NHS mental health providers in West Yorkshire have developed new arrangements to further build on the partnership work already underway across the area.
Known as the West Yorkshire Mental Health Services Collaborative, the organisations have been working together for the past 12 months to improve mental health services for local communities as part of the wider West Yorkshire and Harrogate Health and Care Partnership (WY&H HCP).
WY&H HCP covers Bradford District and Craven; Calderdale, Harrogate, Leeds, Kirklees and Wakefield and has nine priorities including mental health, stroke, cancer, urgent and emergency care.
The mental health collaborative involves:
Each organisation’s Board has approved the establishment of a ‘Committees in Common’, with each maintaining its statutory responsibilities to its own Board and responsibility for delivering its own services.
The new committee will help ensure that decisions are made together and in a streamlined way around a shared programme of work. It will also see that collective ambitions are achieved, for e.g. eliminating out of area placements for young people, and delivering the region’s five-year suicide prevention strategy, launched in November 2017.
The first quarterly meeting took place on 30 April. The chair of the committee will rotate every twelve months - beginning with Prof Sue Proctor, Chair of LYPFT.
The four organisations’ chairs and chief executives sit on the new committee supported by an overarching set of principles, which will see the organisations:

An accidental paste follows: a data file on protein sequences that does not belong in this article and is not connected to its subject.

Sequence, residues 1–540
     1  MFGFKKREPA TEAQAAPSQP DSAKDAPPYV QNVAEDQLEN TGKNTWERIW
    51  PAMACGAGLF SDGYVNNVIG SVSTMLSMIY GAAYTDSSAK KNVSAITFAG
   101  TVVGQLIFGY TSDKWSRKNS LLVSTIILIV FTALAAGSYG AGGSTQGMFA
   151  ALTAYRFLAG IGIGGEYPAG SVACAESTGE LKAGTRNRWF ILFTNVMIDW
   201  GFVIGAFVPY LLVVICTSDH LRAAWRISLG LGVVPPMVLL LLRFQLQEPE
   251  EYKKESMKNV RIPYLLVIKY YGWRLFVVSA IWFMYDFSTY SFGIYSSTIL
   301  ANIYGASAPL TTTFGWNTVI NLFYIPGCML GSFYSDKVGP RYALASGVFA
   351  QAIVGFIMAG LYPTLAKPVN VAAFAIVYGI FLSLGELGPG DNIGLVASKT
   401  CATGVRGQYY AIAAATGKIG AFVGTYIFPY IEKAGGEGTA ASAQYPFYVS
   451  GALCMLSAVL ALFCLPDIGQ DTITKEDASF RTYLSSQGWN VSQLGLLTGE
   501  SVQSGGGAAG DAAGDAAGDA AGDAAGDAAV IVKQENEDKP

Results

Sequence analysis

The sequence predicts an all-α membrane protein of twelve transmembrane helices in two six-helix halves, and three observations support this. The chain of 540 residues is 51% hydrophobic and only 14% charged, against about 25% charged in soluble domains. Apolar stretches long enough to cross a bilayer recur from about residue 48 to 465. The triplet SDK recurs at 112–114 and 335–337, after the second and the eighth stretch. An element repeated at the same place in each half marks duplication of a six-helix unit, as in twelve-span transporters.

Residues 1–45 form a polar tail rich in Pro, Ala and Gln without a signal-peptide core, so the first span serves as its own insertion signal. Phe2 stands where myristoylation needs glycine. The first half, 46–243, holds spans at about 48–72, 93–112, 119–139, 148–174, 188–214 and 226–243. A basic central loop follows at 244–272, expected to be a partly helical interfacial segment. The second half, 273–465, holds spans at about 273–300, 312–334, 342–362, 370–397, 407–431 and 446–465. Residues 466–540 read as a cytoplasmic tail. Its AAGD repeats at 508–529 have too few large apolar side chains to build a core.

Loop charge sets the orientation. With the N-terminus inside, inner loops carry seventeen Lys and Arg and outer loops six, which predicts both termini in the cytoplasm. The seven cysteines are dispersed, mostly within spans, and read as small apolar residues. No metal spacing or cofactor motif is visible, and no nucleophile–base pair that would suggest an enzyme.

Dr Sara Munro, Chief Executive of LYPFT and lead CEO for the collaborative and West Yorkshire and Harrogate Health and Care Partnership’s mental health programme said: “We want to make sure that mental health and learning disability services across West Yorkshire provide consistent, high quality care for the whole person which is firmly connected to local communities and where people live. To do this, we need to work together on some of the biggest challenges we face, strengthening our joint working and working in partnership with commissioners, emergency services, and voluntary and community sector partners.
“We already have plans in place to improve specialist mental health services, for example through the new care models programmes which commenced on 1 April. We’re also working to reduce deaths by suicide, reduce out of area placements and improve urgent and emergency care.”
Rob Webster, leader of the West Yorkshire Health and Care Partnership and chief executive of SWYPFT, said: “We’re proud that mental health is a strong focus of our work across West Yorkshire and Harrogate. People with mental health issues face significant health inequalities and suicide remains the biggest killer of young men. “The creation of a ‘Committee in Common’ will ensure the collective leadership of the partnership working that has been taking place in mental health. It follows similar arrangements to those that NHS commissioning and acute providers have taken in establishing joint committees. The committee will oversee the innovations we are driving and it will help to make sure our work is having the biggest impact.”
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